Happy Indie New Year…?

Taking a break from football on this New Year’s Day to ponder the future of indie publishing.

Pretty Dreams front cover
they call this marketing

Call it self-publishing, call it the Revolution. This year, the first full year of lots of firsts, including Amazon’s KDP Select program and the demise of Borders, has also been a plus/minus year for me as a publisher. I published a new indie book, ALL YOUR PRETTY DREAMS, I spent more dollars on marketing (although not really that much being eternally Scottish), I tweeted and Facebooked and tried to connect with readers in all sorts of ways, I gave away books at Goodreads, I changed book covers, got old books back into print, and all sorts of other little things.

Yet my e-book sales are on a downward trend. This makes me wonder if the glory days are behind us (or just behind me.) Eighteen months ago — before KDP Select — I reached #2 on the Free Kindle Books list for nearly a week. Now I can’t get above 1000. Free days don’t help. Discoverability is the new buzzword. How will readers find you and your marvelous book in the quagmire of “stuff” out there? Who will curate a list, read all that dreck, send readers to a trusted site for recommendations without one-star reviews from people who can barely spell? Will it be you?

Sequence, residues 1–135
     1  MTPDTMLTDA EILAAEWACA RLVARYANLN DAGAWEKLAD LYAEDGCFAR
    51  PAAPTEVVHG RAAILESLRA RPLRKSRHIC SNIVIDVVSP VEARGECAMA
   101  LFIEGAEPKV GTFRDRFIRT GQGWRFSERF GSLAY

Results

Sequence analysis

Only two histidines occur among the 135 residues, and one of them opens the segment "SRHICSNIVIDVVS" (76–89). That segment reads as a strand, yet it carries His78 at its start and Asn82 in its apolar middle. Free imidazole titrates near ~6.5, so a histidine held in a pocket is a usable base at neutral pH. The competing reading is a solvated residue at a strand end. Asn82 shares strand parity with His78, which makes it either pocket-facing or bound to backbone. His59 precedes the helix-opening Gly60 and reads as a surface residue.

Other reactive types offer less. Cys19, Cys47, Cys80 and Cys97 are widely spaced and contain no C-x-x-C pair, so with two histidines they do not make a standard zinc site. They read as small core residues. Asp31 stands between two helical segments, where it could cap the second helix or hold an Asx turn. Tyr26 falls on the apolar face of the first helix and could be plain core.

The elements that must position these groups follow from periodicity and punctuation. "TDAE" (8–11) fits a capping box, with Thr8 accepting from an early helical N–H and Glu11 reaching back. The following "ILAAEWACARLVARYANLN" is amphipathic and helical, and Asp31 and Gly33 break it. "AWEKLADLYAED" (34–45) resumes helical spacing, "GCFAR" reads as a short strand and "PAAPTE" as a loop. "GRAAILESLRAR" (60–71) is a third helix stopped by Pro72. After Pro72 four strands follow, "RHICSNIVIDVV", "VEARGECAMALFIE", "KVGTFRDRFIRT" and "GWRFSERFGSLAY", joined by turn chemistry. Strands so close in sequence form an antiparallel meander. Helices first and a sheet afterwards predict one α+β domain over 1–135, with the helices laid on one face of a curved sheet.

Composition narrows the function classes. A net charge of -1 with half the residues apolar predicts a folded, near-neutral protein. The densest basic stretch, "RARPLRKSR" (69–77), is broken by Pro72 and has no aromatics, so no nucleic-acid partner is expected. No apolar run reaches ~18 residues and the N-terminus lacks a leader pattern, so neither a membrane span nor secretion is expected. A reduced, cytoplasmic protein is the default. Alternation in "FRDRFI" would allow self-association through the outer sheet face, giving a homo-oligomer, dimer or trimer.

Because if you offer services to the e-book industry, formatting, covers, marketing, and whatever new thing is yet to be invented, this is your year. According to Mark Coker at Smashwords, more money will be made in services for e-books this year than in book sales themselves. The cover-making business is burgeoning, the formatting business is perking right along. (Why so many writers are technophobes is another question.) Writers who decide to self-publish must manage the editing, proofreading, copywriting, cover design, formatting, and marketing themselves. Do they want to do all that? Hell no. They just want to write a really, really awesome novel. As they always did.

You might say that all you really should be doing is writing that book. Concentrate on it. Write and re-write it until it is fantastic, un-put-downable, charming, funny, scary, and emotionally involving. And you’d be right. The creation and marketing of indie books fractures the focus that’s needed to delve deeply into story. Is the answer to hire out all those creation and marketing roles? To pay $X for a cover, $X for proofreading, $X for formatting, and even more $$ for marketing? Possibly. That’s up to you. If you’re lucky your spouse rocks inDesign like a pro, you can pay your kid to tweet for you, and your next door neighbor likes your books so much she’ll do the formatting for free. But you probably aren’t that lucky. And even if you are, sales of your masterpiece are not assured.

Then, as reassurance, someone mentions “the long tail.” Unlike traditional publishing you don’t have to break out in the first month to make a tidy sum on your book. Because there is no advance (actually there is a reverse advance of your investment in those creation services) you don’t need to make your nut right away. That’s the good news. Your book will stay in “print” in perpetuity. Unfortunately it will compete with more and more books over those months and years and unless you do something to keep it in the limelight like write another book in that series or become a reality TV star, you’re going to work to keep any sales going.